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Prometheus previews and spoilers 3

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Re: Prometheus previews and spoilers 3

Post by Admin on Sun Jun 10, 2012 4:27 pm

http://excellentintoxicatedmasseuse.tumblr.com/post/24667964304/in-which-matt-reviews-prometheus-and-discusses-what

In which Matt reviews Prometheus (and discusses what makes cinema so great) - Warning: this is really f#%@#&! long

So I just got back from a midnight IMAX screening of Prometheus and I honestly really enjoyed it.

As a piece of summer entertainment, I thought it delivered a ton of excitement. The action set pieces and the body horror genuinely had me tense. I haven’t actually felt disgusted by a movie in a long time, and that f#%@#&! surgery scene delivered, alongside all of the other practical effects. The movie looked cool, though I kind of wish I avoided the 3D.

I will admit a lot of subplots and the shoehorning of moments from Alien were distracting and meaningless, but I was willing to look past them to see the human story of the horrors of discovery and mortality. I’ve noticed a major complaint is how none of the characters had any true dimension, but that’s horror. You can argue the same for Alien. How iconic would someone see the character of Ripley had Aliens not been made? She’s just a final girl, just like Prometheus’s lead.

The fact that there are so many pros and cons to this movie led to serious discussion between everyone I saw it with. Some were disappointed and some thought it was entertaining. I’m glad some films can be so divisive because they create a serious discussion that allows the viewer to really address the direction of cinema. This movie was a perfect example. There is a lot to like and there’s a lot of room to be disappointed.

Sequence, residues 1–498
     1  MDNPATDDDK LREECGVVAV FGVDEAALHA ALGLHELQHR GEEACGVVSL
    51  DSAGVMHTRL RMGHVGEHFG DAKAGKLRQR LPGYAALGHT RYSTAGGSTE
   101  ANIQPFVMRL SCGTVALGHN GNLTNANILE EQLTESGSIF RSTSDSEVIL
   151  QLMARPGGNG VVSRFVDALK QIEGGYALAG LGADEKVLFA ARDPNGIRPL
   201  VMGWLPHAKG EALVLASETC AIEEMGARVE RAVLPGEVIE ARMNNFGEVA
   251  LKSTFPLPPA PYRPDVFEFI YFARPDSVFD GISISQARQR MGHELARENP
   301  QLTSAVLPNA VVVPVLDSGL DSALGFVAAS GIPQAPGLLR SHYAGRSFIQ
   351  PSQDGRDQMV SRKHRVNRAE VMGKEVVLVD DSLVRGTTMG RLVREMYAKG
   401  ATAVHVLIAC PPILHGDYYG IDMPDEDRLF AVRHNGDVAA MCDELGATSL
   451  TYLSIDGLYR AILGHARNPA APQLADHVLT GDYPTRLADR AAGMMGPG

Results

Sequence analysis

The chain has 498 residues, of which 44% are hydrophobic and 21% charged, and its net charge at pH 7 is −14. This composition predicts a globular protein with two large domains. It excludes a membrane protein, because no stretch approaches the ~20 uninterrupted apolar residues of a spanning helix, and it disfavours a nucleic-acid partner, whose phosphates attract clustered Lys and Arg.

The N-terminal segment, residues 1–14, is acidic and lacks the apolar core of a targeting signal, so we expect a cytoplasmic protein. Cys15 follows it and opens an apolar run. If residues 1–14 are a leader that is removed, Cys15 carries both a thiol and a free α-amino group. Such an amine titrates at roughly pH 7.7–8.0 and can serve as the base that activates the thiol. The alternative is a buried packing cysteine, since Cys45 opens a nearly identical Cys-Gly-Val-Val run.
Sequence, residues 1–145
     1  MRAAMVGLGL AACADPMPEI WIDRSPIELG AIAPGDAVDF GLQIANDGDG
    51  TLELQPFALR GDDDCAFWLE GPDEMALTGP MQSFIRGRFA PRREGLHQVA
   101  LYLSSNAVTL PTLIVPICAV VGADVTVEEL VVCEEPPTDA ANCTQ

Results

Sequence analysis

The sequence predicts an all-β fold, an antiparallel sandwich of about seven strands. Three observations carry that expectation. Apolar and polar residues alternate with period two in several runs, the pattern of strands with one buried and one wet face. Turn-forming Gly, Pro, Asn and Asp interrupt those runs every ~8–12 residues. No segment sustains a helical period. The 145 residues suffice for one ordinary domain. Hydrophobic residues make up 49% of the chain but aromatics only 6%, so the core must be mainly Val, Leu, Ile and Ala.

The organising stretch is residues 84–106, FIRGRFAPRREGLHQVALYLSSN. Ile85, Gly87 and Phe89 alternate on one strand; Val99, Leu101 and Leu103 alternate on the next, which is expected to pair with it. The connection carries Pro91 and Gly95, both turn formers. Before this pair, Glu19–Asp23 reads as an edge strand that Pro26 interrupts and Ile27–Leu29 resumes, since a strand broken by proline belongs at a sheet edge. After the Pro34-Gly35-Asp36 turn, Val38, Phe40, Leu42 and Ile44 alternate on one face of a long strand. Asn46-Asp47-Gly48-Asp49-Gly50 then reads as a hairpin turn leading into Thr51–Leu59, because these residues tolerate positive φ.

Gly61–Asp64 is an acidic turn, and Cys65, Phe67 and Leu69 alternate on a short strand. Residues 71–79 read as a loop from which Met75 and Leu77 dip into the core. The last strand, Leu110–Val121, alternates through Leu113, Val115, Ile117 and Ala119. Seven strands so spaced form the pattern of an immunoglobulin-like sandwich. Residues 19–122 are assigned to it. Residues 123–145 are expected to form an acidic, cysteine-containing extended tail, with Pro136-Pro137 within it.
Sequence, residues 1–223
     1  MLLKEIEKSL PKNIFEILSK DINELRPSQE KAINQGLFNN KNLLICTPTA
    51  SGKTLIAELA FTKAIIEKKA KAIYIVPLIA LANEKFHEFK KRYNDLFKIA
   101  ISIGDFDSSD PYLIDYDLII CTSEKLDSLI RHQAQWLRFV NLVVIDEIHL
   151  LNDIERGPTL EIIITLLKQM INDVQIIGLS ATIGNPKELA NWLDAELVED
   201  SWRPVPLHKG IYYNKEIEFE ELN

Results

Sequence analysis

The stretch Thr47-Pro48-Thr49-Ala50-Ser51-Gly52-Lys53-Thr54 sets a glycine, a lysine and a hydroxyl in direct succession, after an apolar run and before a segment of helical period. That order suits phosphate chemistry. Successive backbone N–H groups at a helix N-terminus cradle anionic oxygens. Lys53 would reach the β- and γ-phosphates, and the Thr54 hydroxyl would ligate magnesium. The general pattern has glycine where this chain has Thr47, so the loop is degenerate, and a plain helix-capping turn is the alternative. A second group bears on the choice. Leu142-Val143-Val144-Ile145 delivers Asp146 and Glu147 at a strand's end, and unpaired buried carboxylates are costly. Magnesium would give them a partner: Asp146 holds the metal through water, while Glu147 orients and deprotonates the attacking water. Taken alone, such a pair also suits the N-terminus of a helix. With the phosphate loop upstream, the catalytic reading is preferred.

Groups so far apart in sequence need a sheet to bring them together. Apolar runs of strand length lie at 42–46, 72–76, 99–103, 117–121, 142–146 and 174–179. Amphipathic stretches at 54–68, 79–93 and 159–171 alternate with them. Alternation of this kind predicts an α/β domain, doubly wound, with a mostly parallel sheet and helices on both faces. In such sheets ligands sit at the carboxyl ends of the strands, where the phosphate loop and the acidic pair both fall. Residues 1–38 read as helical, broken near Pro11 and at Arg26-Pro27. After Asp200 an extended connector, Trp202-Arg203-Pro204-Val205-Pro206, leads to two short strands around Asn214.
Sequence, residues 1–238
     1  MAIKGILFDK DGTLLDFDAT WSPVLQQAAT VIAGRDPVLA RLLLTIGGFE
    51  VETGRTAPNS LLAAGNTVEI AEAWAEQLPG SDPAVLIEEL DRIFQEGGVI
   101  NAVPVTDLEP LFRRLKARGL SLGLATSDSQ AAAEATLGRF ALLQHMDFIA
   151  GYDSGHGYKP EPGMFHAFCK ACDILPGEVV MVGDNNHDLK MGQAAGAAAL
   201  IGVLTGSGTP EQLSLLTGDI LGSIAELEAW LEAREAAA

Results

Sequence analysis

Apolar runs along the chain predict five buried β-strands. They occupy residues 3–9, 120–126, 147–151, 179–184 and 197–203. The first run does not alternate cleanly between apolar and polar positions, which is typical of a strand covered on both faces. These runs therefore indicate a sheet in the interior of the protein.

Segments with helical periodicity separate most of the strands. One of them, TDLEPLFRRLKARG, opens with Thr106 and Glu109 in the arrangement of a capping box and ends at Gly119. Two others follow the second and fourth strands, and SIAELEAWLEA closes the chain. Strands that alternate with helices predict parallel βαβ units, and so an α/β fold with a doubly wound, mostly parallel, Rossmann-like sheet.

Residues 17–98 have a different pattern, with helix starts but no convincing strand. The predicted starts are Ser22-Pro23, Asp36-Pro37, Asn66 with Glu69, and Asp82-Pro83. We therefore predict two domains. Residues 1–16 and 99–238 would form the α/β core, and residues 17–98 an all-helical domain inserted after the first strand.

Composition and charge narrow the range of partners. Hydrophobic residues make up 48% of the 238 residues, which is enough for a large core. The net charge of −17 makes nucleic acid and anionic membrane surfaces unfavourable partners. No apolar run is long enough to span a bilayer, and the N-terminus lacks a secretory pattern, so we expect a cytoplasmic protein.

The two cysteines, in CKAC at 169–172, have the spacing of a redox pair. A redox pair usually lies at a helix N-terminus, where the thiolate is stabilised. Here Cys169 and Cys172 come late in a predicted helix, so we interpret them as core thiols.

Even some of my favorite films have their less-than-brilliant moments and it’s important to be critical because it allows you to really build up knowledge. That’s what art is. I’m not calling Prometheus art, especially noting how smart Ridley Scott thought it was when it really wasn’t, but it’s constructive (especially as a film student) and interesting to address the flaws of a piece of work. It really allows you not only to see how others react to a work, but to see into your own critical views.

That’s why I think hype is pointless. Going into a film knowing how you’re going to feel about it, especially when you’re right, is a waste of time. I’ve discovered many great movies from just hearing about them and, yes sometime I discover s$#!, but sometimes I find inspiration. Sharing that inspiration with others, even if they don’t see things the way you do, is just a socially and intellectually productive thing. And I’m glad it took an overhyped popcorn film to really put that into more of a perspective for me.
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Re: Prometheus previews and spoilers 3

Post by Admin on Sun Jun 10, 2012 4:28 pm

watsonisthebamfking:
Prometheus...

I just… want to curl up in a ball and cry. On a large scale, the movie tackles the questions: Why were we created? Who created us? How? Why did our creator(s) abandon us? What do they think of us? Why do they want to destroy us?

On a smaller scale, it was tense and scary and wowsuperohmygoshican’tlook gory (seriously, alien abortion whyyyyyyyy???), and, at times, a bit predictable (when your two comic relief characters are killed off at the same time, you know everything else is going to fall to s$#!), but overall enjoyable. When I wasn’t cursing under my breath in horror/disgust, or whimpering as I hugged my knees to my chest during the more tense scenes, I was floored by the incredible scenery and the deep narrative on creation and life (very fitting after seeing Frankenstein last night).

Also: Noomi Rapace is gorgeous and very talented. Michael Fassbender stole the show for me, however, with his creepy, yet endearing (as in “oh my gosh you sad creature let me hold you and give you hugs and tea and love and protect you from all the bad things in the world”), David robot.

Overall, an entertaining, semi-frightening movie, with strong performances, story-telling, and design.

Score: 8.5/10 (if I wasn’t such a scaredy-cat/squeamish person it would be a 9, but when you have to cover your eyes during maybe 5-10 whole minutes of the movie, you lose a little bit)
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Re: Prometheus previews and spoilers 3